Tax Delinquency Rates Declined Since the Economic Downturn in 2008
An earlier Insights blog provided an overview of property taxes with a summary of property tax delinquency trends at the national level. In this post, we examine state-level trends in property tax delinquency and how best to compare apples to apples.
The tax delinquency rate is the percentage of properties with a mortgage that have not paid the property taxes by their due dates. Property tax delinquency rates are affected by macroeconomic conditions, such as the health of the overall economy, which can impact homeowners’ ability to pay. Additionally, the severity of the delinquency penalty has an effect on property tax delinquency rates. States have different rules regarding tax payment frequencies, due dates, late fees, penalty interest rates and time period before the taxing agencies can take foreclosure action. As such, it’s typically not a good idea to compare tax delinquency rates across states since you’re dealing with apples and oranges. Instead, evaluating the relative change in tax delinquency rates by state is more helpful to understand the true differences. Figure 1 illustrates state-level percentage point improvement in tax delinquency rates between 2008 and 2014.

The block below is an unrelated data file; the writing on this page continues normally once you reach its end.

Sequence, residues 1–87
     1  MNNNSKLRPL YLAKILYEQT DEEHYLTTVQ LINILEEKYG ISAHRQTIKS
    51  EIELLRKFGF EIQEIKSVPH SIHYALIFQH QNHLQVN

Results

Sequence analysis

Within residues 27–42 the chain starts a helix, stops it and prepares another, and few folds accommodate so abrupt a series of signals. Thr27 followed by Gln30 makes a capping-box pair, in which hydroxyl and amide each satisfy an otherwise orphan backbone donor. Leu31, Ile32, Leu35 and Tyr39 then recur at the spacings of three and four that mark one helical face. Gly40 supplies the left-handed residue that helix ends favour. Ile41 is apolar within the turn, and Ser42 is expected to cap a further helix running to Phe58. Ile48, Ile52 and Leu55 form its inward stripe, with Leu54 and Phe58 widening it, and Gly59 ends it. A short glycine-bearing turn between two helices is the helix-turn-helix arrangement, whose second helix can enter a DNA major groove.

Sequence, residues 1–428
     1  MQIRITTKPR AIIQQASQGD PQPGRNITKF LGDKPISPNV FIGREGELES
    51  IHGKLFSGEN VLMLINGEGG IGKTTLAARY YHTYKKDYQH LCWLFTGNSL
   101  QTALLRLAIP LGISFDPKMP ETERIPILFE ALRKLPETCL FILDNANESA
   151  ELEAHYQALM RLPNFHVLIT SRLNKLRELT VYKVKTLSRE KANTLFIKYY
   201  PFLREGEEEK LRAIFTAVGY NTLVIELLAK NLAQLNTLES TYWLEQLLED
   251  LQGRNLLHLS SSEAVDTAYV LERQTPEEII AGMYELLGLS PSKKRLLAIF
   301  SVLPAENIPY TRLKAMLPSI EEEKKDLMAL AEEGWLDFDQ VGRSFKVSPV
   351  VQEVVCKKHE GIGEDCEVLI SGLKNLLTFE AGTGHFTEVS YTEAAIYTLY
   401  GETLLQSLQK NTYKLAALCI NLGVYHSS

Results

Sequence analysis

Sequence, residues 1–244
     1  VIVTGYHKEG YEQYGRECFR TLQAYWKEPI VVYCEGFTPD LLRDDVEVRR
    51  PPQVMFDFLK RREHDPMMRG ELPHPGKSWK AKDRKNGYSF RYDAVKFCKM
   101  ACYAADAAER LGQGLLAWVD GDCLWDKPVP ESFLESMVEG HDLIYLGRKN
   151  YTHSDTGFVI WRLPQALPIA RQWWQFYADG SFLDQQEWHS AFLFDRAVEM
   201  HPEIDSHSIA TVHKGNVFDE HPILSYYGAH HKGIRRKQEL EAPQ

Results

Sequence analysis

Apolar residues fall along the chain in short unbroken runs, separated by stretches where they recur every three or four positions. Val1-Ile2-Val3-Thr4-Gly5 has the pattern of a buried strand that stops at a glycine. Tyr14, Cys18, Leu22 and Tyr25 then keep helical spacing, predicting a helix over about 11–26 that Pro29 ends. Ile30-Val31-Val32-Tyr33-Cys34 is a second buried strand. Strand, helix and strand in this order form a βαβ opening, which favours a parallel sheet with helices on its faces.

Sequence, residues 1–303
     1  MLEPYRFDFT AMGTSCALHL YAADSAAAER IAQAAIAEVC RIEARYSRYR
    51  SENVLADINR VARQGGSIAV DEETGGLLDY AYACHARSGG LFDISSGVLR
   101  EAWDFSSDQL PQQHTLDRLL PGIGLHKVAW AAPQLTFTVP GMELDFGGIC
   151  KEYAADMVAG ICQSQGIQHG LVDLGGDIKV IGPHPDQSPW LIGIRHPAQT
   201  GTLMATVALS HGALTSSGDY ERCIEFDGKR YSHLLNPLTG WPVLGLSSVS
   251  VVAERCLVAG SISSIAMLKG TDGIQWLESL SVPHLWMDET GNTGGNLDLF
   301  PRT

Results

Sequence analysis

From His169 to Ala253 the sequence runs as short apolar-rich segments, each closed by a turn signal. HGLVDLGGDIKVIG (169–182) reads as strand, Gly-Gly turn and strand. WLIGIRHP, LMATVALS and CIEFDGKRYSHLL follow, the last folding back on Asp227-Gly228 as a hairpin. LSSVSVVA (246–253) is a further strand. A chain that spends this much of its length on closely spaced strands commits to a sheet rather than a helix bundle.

The blue colored states are those in which tax delinquency rates decreased by more than 3 percentage points between 2008 and 2014, and the red colored states are those in which tax delinquency rates decreased by less than 1 percentage point over the same time period. All 50 states and the District of Columbia had decreases in delinquency rates between 2008 and 2014 that were largely attributable to the employment and income growth from the trough of the Great Recession through 2014. More cautious underwriting practices adopted by banks have also contributed to the decline in both loan default and tax delinquency rates.
California has experienced a substantial improvement in its economy and housing market since the Great Recession, and, as a result, its tax delinquency rates have dropped more than any other state over the last few years. Other states such as Alabama, Georgia and Mississippi also had large declines in their delinquency rates, primarily because they all had high initial tax delinquency rates in 2008. In fact, all of the blue colored states had an initial tax delinquency rate of more than 6 percent in 2008. On the other hand, most of the red colored states had very low tax delinquency rates in 2008 so there was not much room for improvement compared with the blue colored states. For example, the tax delinquency rates for Virginia and New Hampshire were only 2.8 percent and 4.8 percent in 2008, respectively.
Figure 2 lists the states that had the most or least reduction in tax delinquency rates measured as the percentage-point decline in the tax delinquency rate between 2008 and 2014.
Note: Matt Cannon and Mark Liu contributed to this blog.
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